Date of Award

Fall 12-18-2020

Degree Type

Dissertation

Degree Name

Ph.D.

Degree Program

Educational Administration

Department

Educational Leadership, Counseling, and Foundations

Major Professor

Christopher Broadhurst

Second Advisor

Erin Wheeler

Third Advisor

Brian Beabout

Fourth Advisor

Diana Ward

Abstract

In the U.S., marginalized populations are underrepresented in STEM. Specifically, there is a disparity in the number of Black women attaining STEM graduate degrees and entering the STEM workforce. The purpose of this qualitative, phenomenological study was to examine the essence of the shared experiences of Black women currently enrolled in STEM graduate programs at predominantly White institutions (PWIs), in order to increase retention of Black women through STEM graduate programs and into careers; as well as to use participant’s experiences to expose any barriers they encountered related to their educational pursuits, and examine how they were able to navigate those barriers. Critical Race Feminism and Social Cognitive Theory were used as the guiding theoretical framework for this study. Due to the fact that Black women are typically marginalized or excluded in STEM, a critical feminist lens was used to ensure their voices were centered as the focal point of this study. While focusing on Black women in graduate programs, this study comprehensively explored the PK-16+ experiences of Black women and found that: 1) Black women in STEM benefit from opportunities to engage in positive undergraduate research experiences; 2) Black women benefit from opportunities to participate extracurricular activities that foster a sense of belonging and community; 3) Black women are often impacted by the quality of interactions with faculty and mentors, as well as the lack faculty and mentors that they share race and gender identities with; 4) and that there is a need for institutions to embrace a transformational change outlook that ensures STEM learning spaces are diverse, welcoming, inclusive, equitable, and supportive of Black women.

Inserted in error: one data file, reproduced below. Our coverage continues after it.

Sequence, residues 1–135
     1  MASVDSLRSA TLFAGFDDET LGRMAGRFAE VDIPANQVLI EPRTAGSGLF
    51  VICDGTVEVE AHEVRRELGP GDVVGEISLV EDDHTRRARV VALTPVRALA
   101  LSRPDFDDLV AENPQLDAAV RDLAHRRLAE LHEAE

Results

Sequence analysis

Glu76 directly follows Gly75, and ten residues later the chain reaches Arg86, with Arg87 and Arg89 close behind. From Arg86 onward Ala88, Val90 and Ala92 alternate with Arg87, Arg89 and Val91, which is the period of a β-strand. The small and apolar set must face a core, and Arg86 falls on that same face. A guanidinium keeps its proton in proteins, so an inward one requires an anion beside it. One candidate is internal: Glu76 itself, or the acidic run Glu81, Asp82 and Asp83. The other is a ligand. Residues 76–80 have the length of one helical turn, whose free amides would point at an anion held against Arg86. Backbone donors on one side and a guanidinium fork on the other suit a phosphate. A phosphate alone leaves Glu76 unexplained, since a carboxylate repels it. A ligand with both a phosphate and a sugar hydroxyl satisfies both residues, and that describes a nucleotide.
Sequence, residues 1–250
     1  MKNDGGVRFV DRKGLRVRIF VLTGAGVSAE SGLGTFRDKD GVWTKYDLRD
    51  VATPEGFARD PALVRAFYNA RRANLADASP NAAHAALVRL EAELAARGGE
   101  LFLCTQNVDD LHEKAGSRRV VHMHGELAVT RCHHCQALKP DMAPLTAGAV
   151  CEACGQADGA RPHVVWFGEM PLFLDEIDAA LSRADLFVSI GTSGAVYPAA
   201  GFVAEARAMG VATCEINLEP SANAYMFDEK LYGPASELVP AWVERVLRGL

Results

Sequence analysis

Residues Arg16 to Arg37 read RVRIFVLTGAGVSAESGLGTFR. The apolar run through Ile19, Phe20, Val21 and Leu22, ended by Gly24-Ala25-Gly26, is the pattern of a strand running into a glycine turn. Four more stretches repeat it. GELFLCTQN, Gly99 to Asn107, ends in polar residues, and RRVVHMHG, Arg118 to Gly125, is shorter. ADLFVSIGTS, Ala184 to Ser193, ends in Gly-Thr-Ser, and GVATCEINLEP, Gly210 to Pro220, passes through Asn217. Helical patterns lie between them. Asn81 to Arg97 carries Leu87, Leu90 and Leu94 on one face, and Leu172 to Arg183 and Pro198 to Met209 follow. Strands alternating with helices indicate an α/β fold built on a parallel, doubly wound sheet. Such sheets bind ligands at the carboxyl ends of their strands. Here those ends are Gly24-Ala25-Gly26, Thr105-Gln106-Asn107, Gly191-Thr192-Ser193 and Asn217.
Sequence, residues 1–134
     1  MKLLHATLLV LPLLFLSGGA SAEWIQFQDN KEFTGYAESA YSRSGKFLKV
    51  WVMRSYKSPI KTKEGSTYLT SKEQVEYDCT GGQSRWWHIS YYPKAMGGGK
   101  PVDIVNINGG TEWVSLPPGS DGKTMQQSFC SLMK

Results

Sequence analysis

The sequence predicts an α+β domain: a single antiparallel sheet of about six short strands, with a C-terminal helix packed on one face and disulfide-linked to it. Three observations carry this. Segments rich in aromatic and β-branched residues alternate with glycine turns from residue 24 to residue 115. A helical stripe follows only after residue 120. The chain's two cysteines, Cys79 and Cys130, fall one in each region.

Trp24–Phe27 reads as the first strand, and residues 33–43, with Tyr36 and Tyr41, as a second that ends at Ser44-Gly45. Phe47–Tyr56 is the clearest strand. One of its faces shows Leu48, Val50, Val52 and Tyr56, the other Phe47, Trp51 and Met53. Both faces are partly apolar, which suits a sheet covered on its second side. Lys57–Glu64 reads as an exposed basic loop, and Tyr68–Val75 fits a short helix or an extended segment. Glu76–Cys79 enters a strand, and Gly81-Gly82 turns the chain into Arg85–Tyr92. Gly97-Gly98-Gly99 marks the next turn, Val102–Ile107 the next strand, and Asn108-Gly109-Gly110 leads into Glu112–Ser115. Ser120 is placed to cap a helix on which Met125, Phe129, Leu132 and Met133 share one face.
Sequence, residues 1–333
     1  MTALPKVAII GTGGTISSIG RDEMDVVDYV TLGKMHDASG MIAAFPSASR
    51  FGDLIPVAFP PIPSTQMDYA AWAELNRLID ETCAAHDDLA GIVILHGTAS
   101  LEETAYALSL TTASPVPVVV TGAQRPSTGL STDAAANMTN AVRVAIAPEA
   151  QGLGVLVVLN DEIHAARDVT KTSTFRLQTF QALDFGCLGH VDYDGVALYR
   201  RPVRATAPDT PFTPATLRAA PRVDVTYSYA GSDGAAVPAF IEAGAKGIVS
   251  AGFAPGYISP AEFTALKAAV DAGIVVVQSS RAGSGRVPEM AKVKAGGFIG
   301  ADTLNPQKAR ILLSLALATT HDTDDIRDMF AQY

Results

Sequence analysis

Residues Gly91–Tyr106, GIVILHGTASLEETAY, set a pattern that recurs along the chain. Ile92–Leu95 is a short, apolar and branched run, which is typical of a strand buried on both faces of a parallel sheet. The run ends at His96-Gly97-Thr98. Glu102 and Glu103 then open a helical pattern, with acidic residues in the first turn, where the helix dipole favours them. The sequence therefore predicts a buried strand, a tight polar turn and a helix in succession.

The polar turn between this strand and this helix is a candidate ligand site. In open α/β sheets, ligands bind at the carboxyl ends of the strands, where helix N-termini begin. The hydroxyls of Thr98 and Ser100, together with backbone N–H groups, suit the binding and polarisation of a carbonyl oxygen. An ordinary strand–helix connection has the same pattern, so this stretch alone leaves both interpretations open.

Rights

The University of New Orleans and its agents retain the non-exclusive license to archive and make accessible this dissertation or thesis in whole or in part in all forms of media, now or hereafter known. The author retains all other ownership rights to the copyright of the thesis or dissertation.

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